Sébastien Lifshitz’s Photo Book Compiles Intimate Photos of LGBT Couples From the Early 20th Century

(via lomographicsociety)

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Patrick Joust

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"How cliché to tell you that you are
like the sun to me. But look,
I don’t mean that the traditional way.
It’s like when I am some distance
from your arms you keep me living;
but close up you are too much
for me to endure. You are the sun
and that makes me the earth (I need to be
the precise right distance from you
to go on blooming. This, these mouths,
our skins - too close. I’m burning up)."  - elisabeth hewer (via elisabethhewer)

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Patrick Joust
Selected works, 2014

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Anonymous ASKED:
Why is LJ putting subject lines in comments a big deal?






Sure, why not! I was there! I can mostly answer this.

First it’s important to understand that they’re not simply putting subject lines into comments, they’re putting them back.

Second, let’s backtrack a second here.

There’s a quote going around tumblr that I love. About how fandom is the most technically rigorous test you can ever give your product.


Because fandom is actually fairly large, we’re smaller than some people think, but we’re larger than most assume. AND most of online fandom makes heavy use of interaction. We don’t just create output (fic, vids, gifs, etc), we don’t just ponder meta to ourselves, we don’t just wonder in our shower if that really WAS a monster cock under those tailored trousers. We go online and ask for second, third and twelfth opinions. We bounce ideas, squee, glee, anger, sadness, righteous fury, EMOTIONS, we bounce emotions and ideas off each other in ways I think other groupings don’t.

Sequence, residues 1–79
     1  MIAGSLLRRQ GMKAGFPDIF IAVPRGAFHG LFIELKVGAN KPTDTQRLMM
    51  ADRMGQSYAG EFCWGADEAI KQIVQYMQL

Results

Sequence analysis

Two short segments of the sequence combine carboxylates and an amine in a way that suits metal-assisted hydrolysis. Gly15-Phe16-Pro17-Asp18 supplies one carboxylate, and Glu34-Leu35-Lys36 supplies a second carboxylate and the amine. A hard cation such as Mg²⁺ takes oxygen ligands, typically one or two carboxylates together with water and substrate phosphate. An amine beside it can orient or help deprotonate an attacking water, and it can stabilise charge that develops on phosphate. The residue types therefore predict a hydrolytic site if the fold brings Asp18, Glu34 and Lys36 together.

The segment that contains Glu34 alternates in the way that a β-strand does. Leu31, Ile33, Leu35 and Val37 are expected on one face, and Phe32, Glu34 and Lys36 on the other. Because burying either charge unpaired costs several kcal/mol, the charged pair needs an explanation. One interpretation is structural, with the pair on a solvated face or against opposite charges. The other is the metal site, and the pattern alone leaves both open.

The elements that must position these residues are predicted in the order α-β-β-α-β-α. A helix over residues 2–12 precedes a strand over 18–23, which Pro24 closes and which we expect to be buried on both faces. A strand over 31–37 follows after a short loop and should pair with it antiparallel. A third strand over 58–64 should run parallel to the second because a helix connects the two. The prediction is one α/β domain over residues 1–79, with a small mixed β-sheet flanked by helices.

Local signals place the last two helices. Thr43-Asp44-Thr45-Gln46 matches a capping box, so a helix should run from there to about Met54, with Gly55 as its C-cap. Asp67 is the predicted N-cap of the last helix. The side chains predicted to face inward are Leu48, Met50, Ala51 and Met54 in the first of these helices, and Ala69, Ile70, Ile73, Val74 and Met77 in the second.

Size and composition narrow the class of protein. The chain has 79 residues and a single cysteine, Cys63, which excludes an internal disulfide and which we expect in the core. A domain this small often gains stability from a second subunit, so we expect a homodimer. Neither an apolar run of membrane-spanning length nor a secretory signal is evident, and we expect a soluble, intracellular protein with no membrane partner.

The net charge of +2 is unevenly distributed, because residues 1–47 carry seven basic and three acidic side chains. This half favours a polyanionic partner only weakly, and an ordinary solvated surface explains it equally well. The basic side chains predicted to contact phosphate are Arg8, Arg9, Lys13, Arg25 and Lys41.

The question that comes up often is “why did fandom nest here and not there?” Well. A lot of it is what’s available at the time. Freely. (There can be paid options as well, but there needs to be a decent network of free services and capabilities.)

Fandom is incredibly adaptive. They don’t need (or at least have historically not gotten until recently) places designed exactly for their needs and unique forms of communication. Fandom is usually pretty happy with a 60% - 80% overlap of features originally implemented for the platform’s original use and what fandom wants from its platforms.

Fandom can adjust, adapt, test the limits, break it and then come back and go “okay we can do X, but only until Y and then we have to do Z” and we can make it work for us.

What happens is, options that fandom uses are not always considered vital options. Or cause maintenance issues that the maintainers of the product never expected and don’t know how to handle, or just don’t want to.

THEN invariably, an option disappears. Maybe the product is attempting to update for the times, maybe they have new management and want to go in different directions, maybe there really is a very small hint of ‘oh god get the porny weirdos out of our hair before the buyer comes in and kicks the tires!’.

BACK to the original question now.

On livejournal, subject lines were incorporated into the workings of many fannish pursuits because they were a way of being upfront about the content of the coming comment. Subject lines could include things like: fandom, pairing, rating, word counts, kink and/or meme prompt, trigger/content warnings. THESE were all especially helpful for active posts because eventually conversation threads were collapsed to save space and loading time. Fanfic memes meant to respond in comments became easier to search on your own. Etc.